Economic News & Analysis—July 2, 2012

A tax or not a tax, that is the question

By Brian Jacobsen, Ph.D., CFA, CFP®, Chief Portfolio Strategist, and John Manley, CFA, Chief Equity Strategist

Most people do not like paying taxes, and most politicians don’t like to use the word “taxes”—unless they’re promising to lower them or simply taxing other people rather than their constituents. Under the Affordable Care Act (ACA), individuals who choose not to buy health insurance in 2014 or after will need to make a “shared responsibility payment,” which is called a “penalty” in the ACA. The Supreme Court held that the penalty functions as a tax, and Congress has the power to tax, thus making the individual mandate constitutional. I think this sets a dangerous precedent, but perhaps not for the reason most people would think.

Reading through the Supreme Court’s decision—the holding, the concurrence, and the dissent—is an interesting walk through constitutional history and analysis. For those who can’t sleep, it could be a good substitute for a warm glass of milk. In summary, the holding states that the individual mandate is not constitutional under the Commerce Clause because Congress can regulate commerce, but not compel people to engage in commerce. Also, the individual mandate is not constitutional under the Necessary and Proper Clause of the Constitution because the mandate is not necessary or proper in the furtherance of some other constitutionally allowed power. Because Congress wrote the individual mandate provision of the ACA such that individuals could choose to buy health insurance or pay a penalty, and that penalty functions as a tax (according to the Court), the individual mandate is constitutional as a result of Congress’s taxing power. In other words, because the penalty functions as a tax, the mandate is constitutional.

The Court also found that the federal government could not force states to expand Medicaid under threat of losing all Medicaid funding. Thus, states that opt not to expand Medicaid won’t have existing Medicaid funding withheld or reduced simply because they choose to not participate in the expansion of Medicaid.

‘Cause I’m the taxman

While I agree with most of the Court’s holdings, I do not agree with the finding that the penalty is a tax and is therefore constitutional. If Congress had labeled the penalty a tax, and intended it to be a tax, then I would agree that Congress has the power to impose the mandate. I don’t think that power will result in the dystopia that George Harrison of the Beatles warned us about in the song Taxman because tax provisions are supposed to originate in the House of Representatives, the body of Congress that it supposedly most accountable to the population it serves. A transparent imposition of a tax that originates in the House of Representatives is the type of system we have. As Chief Justice Roberts wrote, “It is not our job to protect the people from the consequences of their political choices.”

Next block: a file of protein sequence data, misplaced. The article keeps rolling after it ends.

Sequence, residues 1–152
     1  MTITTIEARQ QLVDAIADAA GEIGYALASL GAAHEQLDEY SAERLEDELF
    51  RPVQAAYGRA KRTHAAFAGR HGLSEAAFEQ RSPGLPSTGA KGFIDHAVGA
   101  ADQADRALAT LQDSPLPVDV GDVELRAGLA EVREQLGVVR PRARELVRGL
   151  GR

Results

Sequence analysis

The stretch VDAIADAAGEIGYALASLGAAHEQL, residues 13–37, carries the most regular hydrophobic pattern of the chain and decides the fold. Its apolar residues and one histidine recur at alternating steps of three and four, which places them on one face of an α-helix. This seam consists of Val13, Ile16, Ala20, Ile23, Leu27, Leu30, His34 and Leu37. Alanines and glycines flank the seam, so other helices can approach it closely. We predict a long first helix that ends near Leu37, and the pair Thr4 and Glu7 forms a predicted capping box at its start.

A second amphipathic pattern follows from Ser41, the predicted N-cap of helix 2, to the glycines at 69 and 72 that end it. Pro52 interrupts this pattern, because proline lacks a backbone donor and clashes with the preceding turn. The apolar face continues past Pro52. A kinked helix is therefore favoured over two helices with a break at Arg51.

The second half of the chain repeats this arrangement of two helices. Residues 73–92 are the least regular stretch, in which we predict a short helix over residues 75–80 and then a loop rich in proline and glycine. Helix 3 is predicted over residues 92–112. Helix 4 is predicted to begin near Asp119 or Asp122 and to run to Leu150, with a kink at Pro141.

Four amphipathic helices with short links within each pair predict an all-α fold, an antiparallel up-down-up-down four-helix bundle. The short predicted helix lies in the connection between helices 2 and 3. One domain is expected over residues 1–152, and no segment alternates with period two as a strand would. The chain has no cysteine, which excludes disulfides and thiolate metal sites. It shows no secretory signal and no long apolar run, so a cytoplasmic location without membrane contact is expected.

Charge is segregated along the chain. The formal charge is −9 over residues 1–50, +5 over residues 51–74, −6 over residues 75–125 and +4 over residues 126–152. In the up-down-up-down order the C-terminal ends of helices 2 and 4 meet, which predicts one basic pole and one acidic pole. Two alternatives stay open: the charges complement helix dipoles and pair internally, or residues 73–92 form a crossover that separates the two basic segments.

What I don’t like is that the tax is called a penalty in the legislation. It was sold to the public, and perhaps most members of Congress, as not being a tax. Deeming it a tax for constitutional purposes seems like a form of bait-and-switch.

Typically, I would expect the Court to evaluate the plain meaning of the text of the legislation when determining whether it is a tax. The fact that Congress specifically avoided the use of the word “tax,” and that the penalty was included in the operational portion of the legislation (Title I) rather than the revenue-raising portion of the legislation (Title IX), all point toward the fact that the penalty was intended to be a penalty, not a tax. Yet Chief Justice Roberts thought—perhaps correctly—that it was more important to put the most favorable construction on the provision to make it constitutional rather than the most obvious construction that was consistent with the intent of the legislators that passed the bill, which would have rendered it unconstitutional.

In my opinion, the Supreme Court’s ruling on the ACA is unfortunate, as it could legitimize less transparency in legislating rather than more. Most citizens are unlikely to read 900 pages of legislation and undertake a thorough analysis of whether a provision by another name functions as a tax. Words matter, and how a politician phrases something can make the difference between whether or not people understand it. I’m not afraid of living in Harrison’s world of Taxman as much as I am of living in Genesis’s Land of Confusion—partly because the puppets in the video scare me.   

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